It was a scandal that rocked the surrogacy world: A 6-month-old baby boy with Down syndrome born to a Thai surrogate mother had been allegedly abandoned by his Australian parents.

The boy, Gammy, had serious medical complications, and his Thai mother claimed that the Australian couple took Gammy's healthy twin sister and left him behind. The couple vehemently denied the allegations, but by then the damage was already done.

The recently installed Thai military junta sprang into action -- angered that the country had been humiliated by becoming the "womb of Asia" thanks to the booming industry. Foreign couples were stopped at airports with children who had been born to surrogate mothers.

"OUR AIM IS TO ENSURE THIS STORY GETS NO MORE MEDIA," declared one international surrogacy nonprofit, operating in Thailand, in the wake of the baby Gammy scandal. "The quicker we get this issue removed from the media spotlight, the more inclined the Thai military junta will be to make it easier for all parties."

Senior Thai officials declared that existing laws already made surrogacy illegal unless the parents were medically unable to bear a child -- and even so, the surrogate could not be paid. But those rules had long been ignored, and surrogacy boomed there, fueled by large sums of foreign cash paid to poor Thai women.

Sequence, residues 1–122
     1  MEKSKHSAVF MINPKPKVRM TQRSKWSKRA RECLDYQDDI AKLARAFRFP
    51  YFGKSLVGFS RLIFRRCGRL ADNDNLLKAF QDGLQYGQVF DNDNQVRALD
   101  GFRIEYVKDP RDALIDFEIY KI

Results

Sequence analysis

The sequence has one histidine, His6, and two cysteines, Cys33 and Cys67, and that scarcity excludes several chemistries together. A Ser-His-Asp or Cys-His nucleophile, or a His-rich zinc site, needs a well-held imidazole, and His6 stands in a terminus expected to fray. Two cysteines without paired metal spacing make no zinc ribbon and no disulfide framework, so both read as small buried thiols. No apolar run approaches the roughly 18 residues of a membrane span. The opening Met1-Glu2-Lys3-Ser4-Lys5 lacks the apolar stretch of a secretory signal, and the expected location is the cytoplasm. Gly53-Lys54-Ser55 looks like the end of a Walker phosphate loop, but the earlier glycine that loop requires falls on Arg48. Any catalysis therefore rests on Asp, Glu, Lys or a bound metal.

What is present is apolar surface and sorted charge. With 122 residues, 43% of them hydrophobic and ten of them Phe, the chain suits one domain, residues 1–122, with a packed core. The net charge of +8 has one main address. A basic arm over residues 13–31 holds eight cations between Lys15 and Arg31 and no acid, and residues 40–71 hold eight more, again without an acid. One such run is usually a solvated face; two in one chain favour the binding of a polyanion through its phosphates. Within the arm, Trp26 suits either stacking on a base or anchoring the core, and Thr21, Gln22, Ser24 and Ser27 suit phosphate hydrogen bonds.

On Friday, the government made good on its promise to crack down. The new rules criminalize paid surrogacy, which is now punishable by up to 10 years in prison. It bans foreign parents from hiring surrogates, prohibits agencies from soliciting surrogate mothers and bans all paid surrogacy, according to the BBC.

"The important part is if the couple seeking surrogacy services is Thai or the couple is mixed-race, they can find a Thai woman to be their surrogate providing she is over 25," said Wanlop Tankananurak, a member of Thailand's National Legislative Assembly, according to Reuters.

The baby Gammy scandal, and another revelation that a 23-year-old Japanese man had arranged for at least 16 babies to be born to Thai surrogates, have sent the Thai surrogacy industry into a tailspin.

Friday's ban appears to permanently end all hope that the damage done by these scandals could be reversed.

There is, of course, the fear that the prohibitions will only drive surrogacy into the dangerous underground -- which puts the lives of both mother and child at risk.

Surrogacy can be expensive. In the United States, for example, it is heavily regulated and can cost upward of $100,000. In some states, commercial surrogacy is explicitly prohibited. 

In contrast, in Thailand, surrogacy costs a fraction of that amount -- closer to $40,000 -- which could potentially make the risk of defying the law worth it for some.

But the risks of flouting the law -- despite Thailand's history of lax enforcement -- are higher than ever. And Thailand's tumultuous political environment makes the situation potentially even more unstable.

Two years after India, another hotbed for foreign "fertility tourism," codified a ban on homosexual couples and single people using surrogates, the world of possibilities for people seeking relatively inexpensive options is only shrinking, even as potential demand rises.

"This is incredibly traumatizing," Stephen Page, an Australian surrogacy lawyer, told Australia's ABC News in the wake of the baby Gammy scandal. "If you have waited 5, 10, 15 or even 20 years to have a child and then suddenly the dream of becoming a parent is a reality through surrogacy. Imagine you've been this coiled spring for so long, waiting, waiting, waiting and then suddenly your dreams are almost in front of you and then they're snatched away from you."